Major and Minor Pentatonic Scales

Learn these legendary scales that have shaped rock music into what it is today.

Ultimate Guitar
This lesson is to help you learn the major pentatonic, and minor pentatonic scales. They are used in many genres, but you will find them in rock, or classic rock the most.

A wide range of players from Kirk Hammet to Jimmy Page use these scales, and are a staple in every beginners bag of tricks. These are also the first scales that many people use when beginning to improvise.

In this lesson I will teach you how to make these scales, then I'll give you some box patterns that you can move around to suit your pentatonic needs. Understanding of the major scale and intervals is required here, but learning those don't take long if you've never heard of them.

Minor Pentatonic

I'm doing this one first because it appears more commonly in mainstream music than its major counterpart, from what I've seen. It's also more popular with the beginners and experienced players alike.

Your minor pentatonic scale formula is: 1 b3 4 5 b7 1. In A, that's A C D E G A. You can find all the scales for what ever key you want, but you might prefer boxes.

There are 5 box patterns for the pentatonic scale. I'll give you one for minor, one for major, and then the other 3. The most common one for minor being:

This is the most common box and is used in rock, blues and any other genre with distortion, really. Although you can turn the distortion off and play some jazz with this scale, it also sounds good with heavy metal alike. Try experimenting with it to see how it fits your style. A common choice for using the minor pentatonic is over power chords (_5), or in blues songs with dominant chords (_7).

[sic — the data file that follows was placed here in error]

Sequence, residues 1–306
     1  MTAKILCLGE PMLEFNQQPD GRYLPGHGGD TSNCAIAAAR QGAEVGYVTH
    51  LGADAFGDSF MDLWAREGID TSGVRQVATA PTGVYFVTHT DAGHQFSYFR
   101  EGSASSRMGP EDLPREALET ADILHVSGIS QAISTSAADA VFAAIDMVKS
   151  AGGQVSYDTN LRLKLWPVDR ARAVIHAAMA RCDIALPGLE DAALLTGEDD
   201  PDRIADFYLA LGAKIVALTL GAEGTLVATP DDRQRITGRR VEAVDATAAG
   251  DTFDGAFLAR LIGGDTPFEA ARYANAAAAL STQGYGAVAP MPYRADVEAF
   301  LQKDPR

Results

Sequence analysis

Major Pentatonic

The major pentatonic is like the minor pentatonic, in the way that the relative minor/majors share the same notes.

Ex. C major pentatonic has the same notes as Am pentatonic.

The formula for major pentatonic is 1 2 3 5 6 1. In C, you have C D E G A C. You can find those notes on the neck and here is your major pentatonic box pattern.

The major pentatonic is used where ever you might find the minor pentatonic. The major pentatonic sounds happier, and more upbeat than the minor pentatonic, but can still be used in a rock context. This sounds good over major chords, and power chords a like. You can use this in a jazzy song even.

The other 3 box patterns of the minor pentatonic. If you want to make them minor, all you have to do is change the root note to the relative major.






So practice those 5 boxes until you feel comfortable with them, and expand them, by knowing what notes are in the scales, and finding them on the fret board. By being able to use these scales in your playing, you'll be on your way to be the next AC/DC/Led Zeppelin/any classic rock act in no time, as the pentatonic scale is one of the fundamentals in rock.

Using the Pentatonic Scales in Riffs and Solos

Here are some classic riffs that use the pentatonic scale, and then I'll give you some homemade pentatonic licks to impress your friends with. First, here's the minor pentatonic extended: